We are living in the era of telemedicine. How is this going to affect patients and medical professionals? What does it signal to the legacy social security and healthcare systems? What technological solutions will impact the further development of global telehealth?

Question: Good afternoon, Sally. Thank you for finding time in your busy schedule to share some insights about one of the fastest-growing areas in healthcare — telemedicine.

Some might have expected that the record growth which emerged within the last few years would hit a slump in the post-pandemic world. Surprisingly, it did not happen. How, in your opinion, has the appeal of telemedicine services changed the healthcare system in the long term? What benefits does it bring? 

Sally Ann Frank: Thank you for inviting me! 

A telemedicine program opens plenty of opportunities to patients who, for one reason or another, cannot physically reach healthcare institutions and access services there.

Physical distance to the healthcare institution is only one element. Another equally important obstacle that telemedicine helps to overcome is the cost of services. Telemedicine saves physicians and patients time, whereas the latter can better manage their condition within the comfort of their homes. Also, it allows for faster diagnostics, which enables the treatment to start before the illness has progressed. Telemedicine reduces the risk for more severe complications and, in turn, helps to avoid even higher medical bills in the future.

Question: The implementation of telemedicine faces profound cyber security threats. How can we overcome them, and who should be held accountable for the associated risks?

Sally Ann Frank: I think we are all responsible for cyber security. Patients ought to keep their passwords and personal information safe. Medical hardware-producing companies have to hacker-proof them. Also, service providers ought to work closely with patients, medical hardware retailers, and IT professionals. That’s the only way to ensure the system and data safety.

Furthermore, business leaders responsible for the information and IT systems also play a crucial role. They ought to stay alert and be ready for possible ransomware attacks. It usually takes outsourcing this to specialists who constantly monitor API, hardware, software, and networks.

Question: Excluding the cyber security challenges we’ve just discussed, what other factors can impede the proliferation of remote healthcare.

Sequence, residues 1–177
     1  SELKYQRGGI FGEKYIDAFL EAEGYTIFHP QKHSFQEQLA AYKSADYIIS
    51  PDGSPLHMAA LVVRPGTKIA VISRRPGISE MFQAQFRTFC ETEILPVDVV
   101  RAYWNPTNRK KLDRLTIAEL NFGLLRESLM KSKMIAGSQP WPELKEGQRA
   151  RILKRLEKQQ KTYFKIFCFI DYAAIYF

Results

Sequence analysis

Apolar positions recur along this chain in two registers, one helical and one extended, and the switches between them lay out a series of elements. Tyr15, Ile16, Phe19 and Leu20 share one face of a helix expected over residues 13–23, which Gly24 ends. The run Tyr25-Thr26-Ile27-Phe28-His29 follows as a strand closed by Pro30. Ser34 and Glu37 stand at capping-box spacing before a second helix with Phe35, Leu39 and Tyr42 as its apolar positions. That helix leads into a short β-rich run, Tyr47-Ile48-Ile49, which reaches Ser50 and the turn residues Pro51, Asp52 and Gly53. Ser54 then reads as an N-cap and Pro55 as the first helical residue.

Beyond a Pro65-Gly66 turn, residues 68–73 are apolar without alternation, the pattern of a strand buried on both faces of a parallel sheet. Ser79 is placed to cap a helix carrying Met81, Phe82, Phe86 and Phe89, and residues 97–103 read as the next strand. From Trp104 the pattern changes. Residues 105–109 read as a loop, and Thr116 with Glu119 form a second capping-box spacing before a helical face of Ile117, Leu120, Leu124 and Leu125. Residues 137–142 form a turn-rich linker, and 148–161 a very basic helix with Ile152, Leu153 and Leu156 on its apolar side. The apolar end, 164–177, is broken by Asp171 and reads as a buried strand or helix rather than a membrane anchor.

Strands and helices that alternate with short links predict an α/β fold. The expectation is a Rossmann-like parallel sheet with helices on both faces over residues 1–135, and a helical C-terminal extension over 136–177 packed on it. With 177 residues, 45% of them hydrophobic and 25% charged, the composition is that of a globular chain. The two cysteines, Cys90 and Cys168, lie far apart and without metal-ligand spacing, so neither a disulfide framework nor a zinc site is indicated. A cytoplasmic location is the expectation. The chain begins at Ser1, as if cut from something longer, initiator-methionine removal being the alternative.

Sally Ann Frank: Digitalization in healthcare takes much longer than in other fields. The majority of providers are just now beginning to adopt cloud services. Understandably, this adds additional challenges to telemedicine growth. In other words, we often lack the infrastructure necessary for telemedicine development.

Question: How do you think telemedicine tech could assist small healthcare institutions and private practices?

Sally Ann Frank: I would say that telemedicine could empower such businesses to grow. They could offer a broader range of services and assist more patients who suffer from less acute ailments.

Question: Can you share a couple of stories on how Microsoft for Startups contributes to the global growth of telemedicine?

Sally Ann Frank: Of course! I would love to acquaint you with some of our startups that create and build innovative telemedicine solutions. We’ve already discussed the cyber security challenges, which are difficult to overcome with existing solutions. Cynerio, one of the startups in the Microsoft for Startups portfolio, allows IT managers to have complete safety control over their clinical engineering and IoT (internet of things) ecosystems.

Another startup, Recuro, aims to transform the healthcare system from a reactive mode targeting a particular ailment to a holistic and proactive mode. Their team developed a platform catering to individual patient needs, enabling early diagnosis and personalized treatment methods. 

Question: Thank you for a truly interesting conversation!

Sally Ann Frank: Thanks to you!